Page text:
At this point, it was largely the federations doing the heavy lifting on catching dopers. At the 1976 winter Olympics, 356 tests were performed with two positive results. In that summer Olympics, 275 tests were administered, leading to eight positive tests for steroids. In comparison, approximately about 400 tests were run every day at the London Olympics this summer.
More athletes were being caught in non-Olympic competition. At a 1977 European Cup in Helsinki, the IAAF suspended five athletes in track and field alone, including East German shot putter Ilona Slupianek, one of the only East German athletes to ever fail an international drug test. In 1978, the IAAF suspended five more athletes.
(This wasn’t completely the case: then, as now, the cycling federation fell behind. In the 1972 Olympics, for example, two cyclists were stripped of their medals after testing positive for Coramine, a drug that was banned by the IOC but allowed by the UCI.)
Finally, the IOC was hampered not only by timing and a weak mandate, but also by politics.
“Sports administrators and people high up in the leadership were very ambivalent about us, and the media was not very much on our side,” Ljungqvist said. “There was the Cold War going on. East Germany had very much drug use, and it was the same although less sophisticated in other parts of Europe, and all of this was done to show the superiority of the political system to produce good Olympic athletes. It was part of the Cold War.”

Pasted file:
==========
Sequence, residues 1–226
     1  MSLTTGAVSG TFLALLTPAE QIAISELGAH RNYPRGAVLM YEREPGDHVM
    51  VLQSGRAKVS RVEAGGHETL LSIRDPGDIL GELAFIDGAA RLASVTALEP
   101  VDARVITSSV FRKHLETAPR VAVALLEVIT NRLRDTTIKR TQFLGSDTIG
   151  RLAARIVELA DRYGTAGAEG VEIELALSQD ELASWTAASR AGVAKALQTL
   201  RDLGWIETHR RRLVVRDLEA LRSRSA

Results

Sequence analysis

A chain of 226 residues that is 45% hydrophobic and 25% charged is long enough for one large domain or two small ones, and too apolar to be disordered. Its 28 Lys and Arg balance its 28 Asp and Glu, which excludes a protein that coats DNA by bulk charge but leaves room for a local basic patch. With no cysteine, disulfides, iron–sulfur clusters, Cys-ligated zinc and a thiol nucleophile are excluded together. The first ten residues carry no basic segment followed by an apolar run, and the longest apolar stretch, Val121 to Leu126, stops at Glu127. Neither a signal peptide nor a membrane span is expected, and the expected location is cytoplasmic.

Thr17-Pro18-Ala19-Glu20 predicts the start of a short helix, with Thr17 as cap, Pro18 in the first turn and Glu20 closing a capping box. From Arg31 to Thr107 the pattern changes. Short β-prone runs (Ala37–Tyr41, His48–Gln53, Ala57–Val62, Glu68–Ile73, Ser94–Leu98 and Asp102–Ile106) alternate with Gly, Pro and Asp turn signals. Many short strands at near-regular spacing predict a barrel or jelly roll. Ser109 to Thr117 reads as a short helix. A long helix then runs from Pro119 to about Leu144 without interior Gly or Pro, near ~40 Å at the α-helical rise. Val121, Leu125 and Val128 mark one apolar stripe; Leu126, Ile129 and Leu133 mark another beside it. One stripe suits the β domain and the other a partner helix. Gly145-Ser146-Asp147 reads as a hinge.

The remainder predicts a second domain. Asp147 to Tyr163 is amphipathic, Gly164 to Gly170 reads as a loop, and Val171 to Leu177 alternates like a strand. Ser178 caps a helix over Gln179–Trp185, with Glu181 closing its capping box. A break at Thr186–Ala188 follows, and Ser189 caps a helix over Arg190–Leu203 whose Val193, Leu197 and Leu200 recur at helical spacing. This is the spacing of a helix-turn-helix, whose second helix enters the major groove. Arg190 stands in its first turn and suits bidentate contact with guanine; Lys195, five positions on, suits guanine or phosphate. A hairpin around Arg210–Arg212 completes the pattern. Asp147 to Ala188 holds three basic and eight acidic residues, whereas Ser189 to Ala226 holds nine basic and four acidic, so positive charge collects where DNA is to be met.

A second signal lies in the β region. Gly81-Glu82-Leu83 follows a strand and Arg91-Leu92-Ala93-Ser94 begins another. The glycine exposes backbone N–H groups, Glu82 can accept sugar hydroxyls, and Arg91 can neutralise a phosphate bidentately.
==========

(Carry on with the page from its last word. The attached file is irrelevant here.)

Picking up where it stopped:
A Canadian Game-Changer
Anti-doping efforts middled along in the 1980s – at the boycotted 1980 summer Games, de Merode reported that there were no positive tests, while in 1984, a Swedish wrestler and a Finnish runner were stripped of their medals. But in many ways, doping was not a priority for the IOC. Officials in other sections of the IOC believed that the Medical Commission was too big and too costly.